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Q: I shoe Standardbred racehorses and I’ve been taught that if a horse is wearing his shoe down on one side more so than the other, then this is the side that needs to be lowered when it’s time to reshoe them. Is this a reasonable guide or not? When a trainer says, “Shoe this horse level all the way around,” I seem to be unsure of what “level” is.
To give me a guide, I like to look at the level of the coronary band when the foot is on the ground. I recently had a horse who had worn the outside branch of its aluminum hind shoe paper thin, yet the inside branch still had the nail heads protruding!
When I’d hang the limb and sight the foot, it looked high on the inside. Yet when it was placed on the ground the coronary band seemed to be pushed up on the outside.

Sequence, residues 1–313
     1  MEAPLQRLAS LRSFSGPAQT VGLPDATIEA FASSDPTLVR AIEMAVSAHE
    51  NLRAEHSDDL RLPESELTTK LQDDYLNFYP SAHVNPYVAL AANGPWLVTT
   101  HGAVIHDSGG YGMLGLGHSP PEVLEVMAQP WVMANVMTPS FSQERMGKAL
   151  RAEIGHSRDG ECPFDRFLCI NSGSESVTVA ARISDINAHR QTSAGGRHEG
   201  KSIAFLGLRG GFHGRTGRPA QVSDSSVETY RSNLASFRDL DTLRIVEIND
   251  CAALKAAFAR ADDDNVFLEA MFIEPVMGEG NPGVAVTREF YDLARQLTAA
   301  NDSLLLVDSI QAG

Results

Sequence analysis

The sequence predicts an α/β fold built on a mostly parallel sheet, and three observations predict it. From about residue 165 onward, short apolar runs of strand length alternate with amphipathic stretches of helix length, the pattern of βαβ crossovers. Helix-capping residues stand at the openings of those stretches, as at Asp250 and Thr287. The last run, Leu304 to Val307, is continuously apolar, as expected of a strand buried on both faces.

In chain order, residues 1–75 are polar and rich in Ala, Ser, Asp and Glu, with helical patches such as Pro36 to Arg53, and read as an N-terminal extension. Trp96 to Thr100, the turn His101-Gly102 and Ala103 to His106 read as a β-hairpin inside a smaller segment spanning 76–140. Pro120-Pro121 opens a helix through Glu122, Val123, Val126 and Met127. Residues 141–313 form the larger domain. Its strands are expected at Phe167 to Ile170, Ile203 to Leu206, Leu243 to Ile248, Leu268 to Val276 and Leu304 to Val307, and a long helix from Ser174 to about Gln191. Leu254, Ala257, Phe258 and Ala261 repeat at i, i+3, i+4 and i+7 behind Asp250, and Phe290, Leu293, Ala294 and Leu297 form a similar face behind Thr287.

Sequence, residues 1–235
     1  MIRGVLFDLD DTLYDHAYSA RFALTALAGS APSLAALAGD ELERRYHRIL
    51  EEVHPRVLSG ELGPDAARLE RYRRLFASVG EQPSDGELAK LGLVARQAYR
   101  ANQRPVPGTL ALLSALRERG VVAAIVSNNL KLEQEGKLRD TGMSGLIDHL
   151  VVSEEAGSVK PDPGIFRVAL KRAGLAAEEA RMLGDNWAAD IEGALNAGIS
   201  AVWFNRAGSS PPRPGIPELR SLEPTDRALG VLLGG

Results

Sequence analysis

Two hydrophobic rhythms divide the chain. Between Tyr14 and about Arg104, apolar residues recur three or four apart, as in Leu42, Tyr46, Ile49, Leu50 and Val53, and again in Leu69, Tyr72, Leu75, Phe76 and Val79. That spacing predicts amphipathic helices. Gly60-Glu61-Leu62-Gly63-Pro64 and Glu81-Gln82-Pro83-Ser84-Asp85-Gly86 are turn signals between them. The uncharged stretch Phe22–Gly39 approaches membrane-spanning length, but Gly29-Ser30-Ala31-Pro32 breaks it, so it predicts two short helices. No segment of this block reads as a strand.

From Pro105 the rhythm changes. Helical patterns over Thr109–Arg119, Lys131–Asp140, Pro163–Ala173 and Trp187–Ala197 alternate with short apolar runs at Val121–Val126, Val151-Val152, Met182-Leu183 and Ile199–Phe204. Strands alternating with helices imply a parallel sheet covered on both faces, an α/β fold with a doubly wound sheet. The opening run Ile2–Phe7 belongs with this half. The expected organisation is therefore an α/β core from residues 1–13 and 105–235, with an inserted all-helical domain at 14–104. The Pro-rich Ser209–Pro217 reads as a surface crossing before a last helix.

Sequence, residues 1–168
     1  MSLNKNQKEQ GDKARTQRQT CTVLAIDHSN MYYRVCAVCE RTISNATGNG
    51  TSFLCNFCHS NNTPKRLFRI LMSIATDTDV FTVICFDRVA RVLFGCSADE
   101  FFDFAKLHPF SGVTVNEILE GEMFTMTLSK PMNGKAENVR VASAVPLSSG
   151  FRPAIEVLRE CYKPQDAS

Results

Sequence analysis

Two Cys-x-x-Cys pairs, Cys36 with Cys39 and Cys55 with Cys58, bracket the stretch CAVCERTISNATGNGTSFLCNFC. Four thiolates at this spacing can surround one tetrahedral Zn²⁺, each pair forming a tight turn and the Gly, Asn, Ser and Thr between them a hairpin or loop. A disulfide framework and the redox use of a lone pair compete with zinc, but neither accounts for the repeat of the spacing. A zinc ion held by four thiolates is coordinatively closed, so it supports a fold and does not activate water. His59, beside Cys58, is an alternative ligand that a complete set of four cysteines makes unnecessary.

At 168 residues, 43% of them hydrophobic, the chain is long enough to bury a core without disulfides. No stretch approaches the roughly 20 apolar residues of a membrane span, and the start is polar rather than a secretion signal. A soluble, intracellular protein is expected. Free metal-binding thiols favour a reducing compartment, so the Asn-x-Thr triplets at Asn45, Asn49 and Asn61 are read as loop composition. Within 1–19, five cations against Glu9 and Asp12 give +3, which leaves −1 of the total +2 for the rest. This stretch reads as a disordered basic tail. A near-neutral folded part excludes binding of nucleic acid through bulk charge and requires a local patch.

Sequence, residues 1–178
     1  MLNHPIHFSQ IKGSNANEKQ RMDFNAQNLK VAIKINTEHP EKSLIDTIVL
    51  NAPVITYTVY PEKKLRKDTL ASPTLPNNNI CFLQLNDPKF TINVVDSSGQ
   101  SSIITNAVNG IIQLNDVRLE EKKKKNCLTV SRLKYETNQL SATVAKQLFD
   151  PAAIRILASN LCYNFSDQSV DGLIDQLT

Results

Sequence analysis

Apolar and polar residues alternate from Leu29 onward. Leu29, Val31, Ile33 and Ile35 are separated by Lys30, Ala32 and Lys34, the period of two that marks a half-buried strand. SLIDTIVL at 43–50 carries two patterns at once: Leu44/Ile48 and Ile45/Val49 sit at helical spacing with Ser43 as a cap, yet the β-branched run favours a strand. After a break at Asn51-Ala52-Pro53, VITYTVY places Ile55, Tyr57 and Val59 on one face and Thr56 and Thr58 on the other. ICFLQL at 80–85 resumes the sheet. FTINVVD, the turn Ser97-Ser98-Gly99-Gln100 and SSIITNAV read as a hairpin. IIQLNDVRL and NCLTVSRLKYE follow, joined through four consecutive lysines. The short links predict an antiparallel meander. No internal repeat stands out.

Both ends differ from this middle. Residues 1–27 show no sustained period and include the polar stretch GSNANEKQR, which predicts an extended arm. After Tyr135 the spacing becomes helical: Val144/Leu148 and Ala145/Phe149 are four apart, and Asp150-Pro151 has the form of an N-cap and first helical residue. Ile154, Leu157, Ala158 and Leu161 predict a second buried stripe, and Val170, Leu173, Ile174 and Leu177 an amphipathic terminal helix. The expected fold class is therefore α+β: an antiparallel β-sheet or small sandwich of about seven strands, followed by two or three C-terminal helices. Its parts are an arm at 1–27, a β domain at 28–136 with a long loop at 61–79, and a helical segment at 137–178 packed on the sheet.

—Steve Butler, email@example.com
A: This is a classic example of why trying to balance a hoof by sighting the leg, wall and coronary band can be very misleading and cause confusion. With unbalanced shoeing, the hoof wall and coronary band often become distorted over time and are no longer a valid reference for balance.
The uneven shoe wear is a fairly accurate giveaway of a hoof imbalance. You’re correct that if one side is significantly more worn down than the other, trim the worn side. Forget what the “T-square” sighting or the conflicting coronary band…